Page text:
Every time I roll up to Ming Teh, I always wonder why — and how — so many Chinese restaurants co-exist together and in Fort Erie of all places. Other than a seedy bar and a strip joint bracketing this micro-Chinatown, there's not much else around and yet, this is the place to come for so many Western New Yorkers. (Even if you don't have another reason to go to Fort Erie, going for the Chinese food is incentive enough to put up with customs or the QEW if you're coming from the other direction).

I asked Thursday and didn't get much insight to my questions. It just is what it is apparently, though Fort Erie has always been an immigrant hub and the first stop for many new Canadians before they are drawn to cities with larger or more diverse ethnic communities, like Hamilton and Toronto.

But as you eat your meal, (I recommend the hot and sour soup and the new pa po chai washed down with a cup of jasmine tea), staring out at the nimble Niagara and the lights of Buffalo, it feels like an escape, like a complete change of scenery for this St. Cathariner.

Too bad I couldn't escape the cold.

Wednesday, January 20, 2010

Local doesn't always mean quality

There was an interesting but brief article in the magazine Small Farm Canada last month that seems to have people all stirred up, judging by the letters to the editor this month.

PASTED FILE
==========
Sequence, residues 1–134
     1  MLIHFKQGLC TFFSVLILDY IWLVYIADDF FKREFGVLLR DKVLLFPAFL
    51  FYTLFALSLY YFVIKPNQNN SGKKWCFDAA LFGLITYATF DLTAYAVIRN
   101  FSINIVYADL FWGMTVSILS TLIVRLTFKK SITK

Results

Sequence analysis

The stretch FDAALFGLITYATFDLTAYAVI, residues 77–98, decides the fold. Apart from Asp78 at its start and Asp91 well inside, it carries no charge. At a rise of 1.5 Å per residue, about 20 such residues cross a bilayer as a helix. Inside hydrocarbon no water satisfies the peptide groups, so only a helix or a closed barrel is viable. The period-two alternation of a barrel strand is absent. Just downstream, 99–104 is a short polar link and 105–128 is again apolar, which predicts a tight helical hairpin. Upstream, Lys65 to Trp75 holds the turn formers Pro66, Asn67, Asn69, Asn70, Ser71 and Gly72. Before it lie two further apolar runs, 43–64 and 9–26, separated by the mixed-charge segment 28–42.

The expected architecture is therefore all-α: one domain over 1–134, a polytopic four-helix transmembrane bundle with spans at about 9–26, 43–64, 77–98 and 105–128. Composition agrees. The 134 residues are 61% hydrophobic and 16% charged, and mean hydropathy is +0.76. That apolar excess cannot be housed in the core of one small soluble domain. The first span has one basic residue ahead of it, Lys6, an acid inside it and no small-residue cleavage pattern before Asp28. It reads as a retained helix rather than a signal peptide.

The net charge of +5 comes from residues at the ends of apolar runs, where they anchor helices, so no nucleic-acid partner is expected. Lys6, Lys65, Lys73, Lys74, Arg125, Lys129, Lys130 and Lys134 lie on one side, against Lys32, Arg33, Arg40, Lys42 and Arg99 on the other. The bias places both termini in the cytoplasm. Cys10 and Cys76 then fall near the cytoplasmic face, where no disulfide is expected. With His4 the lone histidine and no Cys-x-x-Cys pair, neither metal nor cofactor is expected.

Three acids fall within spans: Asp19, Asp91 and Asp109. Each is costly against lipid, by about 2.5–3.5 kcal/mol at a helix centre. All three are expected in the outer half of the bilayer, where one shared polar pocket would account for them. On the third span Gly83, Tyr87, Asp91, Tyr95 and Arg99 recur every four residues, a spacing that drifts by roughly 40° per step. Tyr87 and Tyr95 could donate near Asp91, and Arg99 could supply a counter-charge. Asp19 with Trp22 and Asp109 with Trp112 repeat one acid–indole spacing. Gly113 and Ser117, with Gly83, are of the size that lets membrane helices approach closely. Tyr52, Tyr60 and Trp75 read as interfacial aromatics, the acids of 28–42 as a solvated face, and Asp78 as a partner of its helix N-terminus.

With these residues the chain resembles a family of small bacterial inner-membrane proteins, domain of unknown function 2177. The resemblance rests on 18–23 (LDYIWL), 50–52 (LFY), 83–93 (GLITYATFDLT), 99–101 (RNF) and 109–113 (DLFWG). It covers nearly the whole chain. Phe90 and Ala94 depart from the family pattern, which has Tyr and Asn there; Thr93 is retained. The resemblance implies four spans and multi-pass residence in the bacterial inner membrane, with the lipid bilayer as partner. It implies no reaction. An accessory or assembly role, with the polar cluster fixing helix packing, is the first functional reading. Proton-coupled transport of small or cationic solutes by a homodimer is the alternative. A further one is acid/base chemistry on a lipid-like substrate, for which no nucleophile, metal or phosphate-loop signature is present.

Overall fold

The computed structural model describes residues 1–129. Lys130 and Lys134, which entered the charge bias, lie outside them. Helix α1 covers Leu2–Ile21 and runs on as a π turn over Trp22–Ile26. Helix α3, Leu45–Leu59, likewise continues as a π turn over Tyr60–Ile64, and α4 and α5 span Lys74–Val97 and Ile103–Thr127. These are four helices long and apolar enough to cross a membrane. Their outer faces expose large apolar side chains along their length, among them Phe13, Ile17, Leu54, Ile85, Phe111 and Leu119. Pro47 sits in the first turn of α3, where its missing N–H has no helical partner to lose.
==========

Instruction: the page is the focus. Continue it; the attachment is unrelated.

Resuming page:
The author of the piece put forth the opinion that local growers need to pull up their socks a bit; some of the produce he had bought to support local growers, was in his opinion, substandard and perhaps taking advantage of the "buy local" rage.
Cherries rotting in the bottom of the basket, hidden by blemish-free fruit, lousy sweet corn, rotting apples and pears — yup, I've had all these, too. Buying local is like buying anything else:  Buyer beware all the way.

So I was intrigued by the letters to the editor, primarily from growers who essentially said that we shouldn't expect perfection from local produce and if we want that, we should buy our food from elsewhere. Pardon me? I should think it is okay to cut bruises and bad spots out of my apples and potatoes because it is local?

Local growers are just as capable of putting beautiful and flavourful produce on their market table as anyone else, and I believe the original article was saying that. Let's call a spade a spade. There is some lousy local food out there. There are growers who sell items that they know are not up to snuff, but believe they can get away with it ... and try. And certainly restauranteurs as well.